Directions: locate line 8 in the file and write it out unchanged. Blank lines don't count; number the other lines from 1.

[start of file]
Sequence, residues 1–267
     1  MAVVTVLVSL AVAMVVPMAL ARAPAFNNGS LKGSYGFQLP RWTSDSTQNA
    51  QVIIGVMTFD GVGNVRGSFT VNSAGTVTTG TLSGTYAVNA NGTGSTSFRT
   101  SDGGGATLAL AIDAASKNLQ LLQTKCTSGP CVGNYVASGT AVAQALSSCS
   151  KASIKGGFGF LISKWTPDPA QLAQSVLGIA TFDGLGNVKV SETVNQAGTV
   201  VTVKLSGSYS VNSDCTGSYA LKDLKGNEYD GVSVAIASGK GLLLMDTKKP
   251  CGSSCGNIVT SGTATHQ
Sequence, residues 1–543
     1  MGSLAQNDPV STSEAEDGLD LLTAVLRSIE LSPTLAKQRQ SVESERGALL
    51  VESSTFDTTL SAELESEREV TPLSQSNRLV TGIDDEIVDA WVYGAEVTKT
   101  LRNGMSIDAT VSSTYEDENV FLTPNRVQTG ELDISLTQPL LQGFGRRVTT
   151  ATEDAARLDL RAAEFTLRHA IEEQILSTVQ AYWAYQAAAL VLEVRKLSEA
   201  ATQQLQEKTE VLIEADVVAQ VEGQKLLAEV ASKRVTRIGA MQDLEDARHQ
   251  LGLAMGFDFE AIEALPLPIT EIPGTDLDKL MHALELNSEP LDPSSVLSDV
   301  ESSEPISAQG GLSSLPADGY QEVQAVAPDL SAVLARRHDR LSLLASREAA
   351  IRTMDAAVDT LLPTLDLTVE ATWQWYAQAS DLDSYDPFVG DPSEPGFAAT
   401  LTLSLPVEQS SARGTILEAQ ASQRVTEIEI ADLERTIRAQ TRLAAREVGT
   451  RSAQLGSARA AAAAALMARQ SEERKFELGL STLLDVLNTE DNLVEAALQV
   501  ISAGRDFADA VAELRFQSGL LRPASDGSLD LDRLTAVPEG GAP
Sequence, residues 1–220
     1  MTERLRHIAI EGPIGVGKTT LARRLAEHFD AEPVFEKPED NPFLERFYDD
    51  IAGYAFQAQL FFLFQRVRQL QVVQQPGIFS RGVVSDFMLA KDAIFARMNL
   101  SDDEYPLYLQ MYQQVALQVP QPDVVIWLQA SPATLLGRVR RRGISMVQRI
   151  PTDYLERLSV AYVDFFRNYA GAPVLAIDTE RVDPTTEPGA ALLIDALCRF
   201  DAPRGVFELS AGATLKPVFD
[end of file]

Sequence, residues 1–543